Legislature's budget needs work, Quinn says

DOUG FINKE

SPRINGFIELD -- Gov. Pat Quinn said the state budget approved by lawmakers late Tuesday “clearly needs more work,” but he wouldn’t say what he’ll do to improve it.

At a news conference Wednesday, Quinn again criticized lawmakers for cutting spending on education and human services.

“I don’t think anybody who looks at it would say they would be happy with the investment in education,” Quinn said, referring to cuts to general state aid, early childhood programs and state scholarships.  “Our legislators, in some ways, didn’t do their job.”

Exactly what Quinn plans to do about it, he didn’t say.

“I think we’ll take a look at what ultimately arrives on my desk and see how we can repair it as best we can,” Quinn said.

As Quinn himself pointed out, though, he can’t add money to education or other programs he thinks are being shortchanged.  The governor is allowed only to make reductions.

Quinn could veto the entire budget, but that would bring Senate Republicans to the bargaining table,  and they are demanding even deeper spending cuts.  Quinn could also sign the legislature’s budget and hope to persuade lawmakers to increase spending on some items during this fall’s veto session.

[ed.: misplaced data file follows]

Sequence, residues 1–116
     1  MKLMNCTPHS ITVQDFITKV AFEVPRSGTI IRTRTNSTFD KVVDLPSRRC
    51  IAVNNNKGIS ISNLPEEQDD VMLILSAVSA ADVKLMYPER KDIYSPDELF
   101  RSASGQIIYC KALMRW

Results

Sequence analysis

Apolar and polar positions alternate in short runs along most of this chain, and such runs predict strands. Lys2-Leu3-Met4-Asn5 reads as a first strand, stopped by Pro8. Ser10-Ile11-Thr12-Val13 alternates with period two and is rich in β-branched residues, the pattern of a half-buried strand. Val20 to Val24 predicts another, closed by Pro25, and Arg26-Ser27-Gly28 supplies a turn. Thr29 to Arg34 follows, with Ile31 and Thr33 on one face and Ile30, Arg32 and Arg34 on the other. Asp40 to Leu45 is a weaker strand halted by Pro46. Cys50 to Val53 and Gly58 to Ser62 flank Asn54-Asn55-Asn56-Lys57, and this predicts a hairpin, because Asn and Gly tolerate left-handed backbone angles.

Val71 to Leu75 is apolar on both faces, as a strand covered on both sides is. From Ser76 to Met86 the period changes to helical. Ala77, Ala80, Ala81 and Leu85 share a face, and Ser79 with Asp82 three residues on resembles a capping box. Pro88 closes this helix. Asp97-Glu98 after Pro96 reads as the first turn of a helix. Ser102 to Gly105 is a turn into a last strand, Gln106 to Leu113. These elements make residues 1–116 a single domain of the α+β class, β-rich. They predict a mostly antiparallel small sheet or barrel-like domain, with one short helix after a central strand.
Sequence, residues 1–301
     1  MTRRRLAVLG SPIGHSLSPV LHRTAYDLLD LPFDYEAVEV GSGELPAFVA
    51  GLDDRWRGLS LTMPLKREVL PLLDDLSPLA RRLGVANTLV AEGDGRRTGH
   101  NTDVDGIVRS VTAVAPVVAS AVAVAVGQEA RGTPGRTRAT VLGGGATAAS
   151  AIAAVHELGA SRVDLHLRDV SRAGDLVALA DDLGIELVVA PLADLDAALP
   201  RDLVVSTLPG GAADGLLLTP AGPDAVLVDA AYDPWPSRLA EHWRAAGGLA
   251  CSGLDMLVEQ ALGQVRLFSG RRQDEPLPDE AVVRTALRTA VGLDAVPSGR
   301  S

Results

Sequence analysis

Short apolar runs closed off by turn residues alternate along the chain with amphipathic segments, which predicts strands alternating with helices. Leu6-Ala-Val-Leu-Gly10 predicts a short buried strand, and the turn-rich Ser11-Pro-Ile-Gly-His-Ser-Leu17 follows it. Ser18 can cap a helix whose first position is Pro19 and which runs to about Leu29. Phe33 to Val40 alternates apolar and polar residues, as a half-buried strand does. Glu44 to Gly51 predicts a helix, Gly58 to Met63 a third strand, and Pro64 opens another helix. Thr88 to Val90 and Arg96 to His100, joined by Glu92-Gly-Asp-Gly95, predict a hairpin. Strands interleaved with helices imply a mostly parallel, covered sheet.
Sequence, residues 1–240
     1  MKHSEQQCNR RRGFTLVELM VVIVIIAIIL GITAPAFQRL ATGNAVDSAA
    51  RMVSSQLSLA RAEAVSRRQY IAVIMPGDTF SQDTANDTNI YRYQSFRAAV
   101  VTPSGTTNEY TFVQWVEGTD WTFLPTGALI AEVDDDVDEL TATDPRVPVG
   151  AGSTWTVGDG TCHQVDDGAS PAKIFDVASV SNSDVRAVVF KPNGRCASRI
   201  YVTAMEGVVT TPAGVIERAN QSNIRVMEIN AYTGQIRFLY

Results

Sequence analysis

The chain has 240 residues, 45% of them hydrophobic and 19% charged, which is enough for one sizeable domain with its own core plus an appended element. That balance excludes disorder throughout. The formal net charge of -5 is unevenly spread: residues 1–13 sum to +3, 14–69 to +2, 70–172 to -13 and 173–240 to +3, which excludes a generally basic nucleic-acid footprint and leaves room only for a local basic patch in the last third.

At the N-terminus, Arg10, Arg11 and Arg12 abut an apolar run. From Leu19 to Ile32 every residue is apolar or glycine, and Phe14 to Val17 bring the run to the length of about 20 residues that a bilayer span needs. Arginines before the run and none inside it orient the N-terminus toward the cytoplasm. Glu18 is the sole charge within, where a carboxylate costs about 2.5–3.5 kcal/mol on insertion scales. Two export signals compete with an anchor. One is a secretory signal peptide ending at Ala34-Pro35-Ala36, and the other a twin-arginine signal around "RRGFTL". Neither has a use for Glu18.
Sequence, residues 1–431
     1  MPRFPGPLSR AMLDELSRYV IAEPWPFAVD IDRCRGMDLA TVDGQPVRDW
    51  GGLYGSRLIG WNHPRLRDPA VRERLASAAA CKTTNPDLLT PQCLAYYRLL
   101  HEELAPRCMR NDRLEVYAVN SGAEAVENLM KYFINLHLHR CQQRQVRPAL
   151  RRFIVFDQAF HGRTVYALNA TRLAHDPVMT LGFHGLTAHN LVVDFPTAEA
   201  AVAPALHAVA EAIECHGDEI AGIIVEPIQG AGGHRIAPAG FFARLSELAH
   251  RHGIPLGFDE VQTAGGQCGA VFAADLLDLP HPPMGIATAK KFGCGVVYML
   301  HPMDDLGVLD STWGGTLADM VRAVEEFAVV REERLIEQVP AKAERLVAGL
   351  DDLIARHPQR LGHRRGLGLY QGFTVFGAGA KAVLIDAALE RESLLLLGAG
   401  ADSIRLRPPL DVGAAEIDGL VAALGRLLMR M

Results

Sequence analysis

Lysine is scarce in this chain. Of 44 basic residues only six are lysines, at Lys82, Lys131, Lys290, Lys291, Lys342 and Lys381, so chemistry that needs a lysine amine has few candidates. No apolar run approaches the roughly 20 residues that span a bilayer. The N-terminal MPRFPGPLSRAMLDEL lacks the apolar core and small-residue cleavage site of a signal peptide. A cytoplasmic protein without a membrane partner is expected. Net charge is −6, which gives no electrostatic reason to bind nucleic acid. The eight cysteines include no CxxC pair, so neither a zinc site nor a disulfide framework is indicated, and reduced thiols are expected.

Quinn also said a last-minute Senate Democrat maneuver to try to increase some spending was an appropriate thing to do, although it didn’t pay off.

At the last minute, Democrats added about $430 million in operations spending to a capital bill.  The money would restore money cut from general state aid to schools and the Monetary Award Program for college scholarships and provide additional funds to a couple of dozen human services programs.

The House refused to consider the bill before adjourning.  Instead, House Speaker Michael Madigan, D-Chicago, said he wanted a conference committee of representatives and senators to work out a solution over the summer.

Quinn defended his original budget proposal as a good spending blueprint.  However, members of both the House and Senate said Quinn’s plan wasn’t balanced and they paid little attention to it.

The budget that was approved, which was drafted in the House, calls for spending nearly $2 billion less than Quinn wanted.

“There were several radical cuts to education and other important things like health care and public safety,” Quinn said.  “That’s not at all what the people of Illinois want.”

Doug Finke can be reached at (217) 788-1527.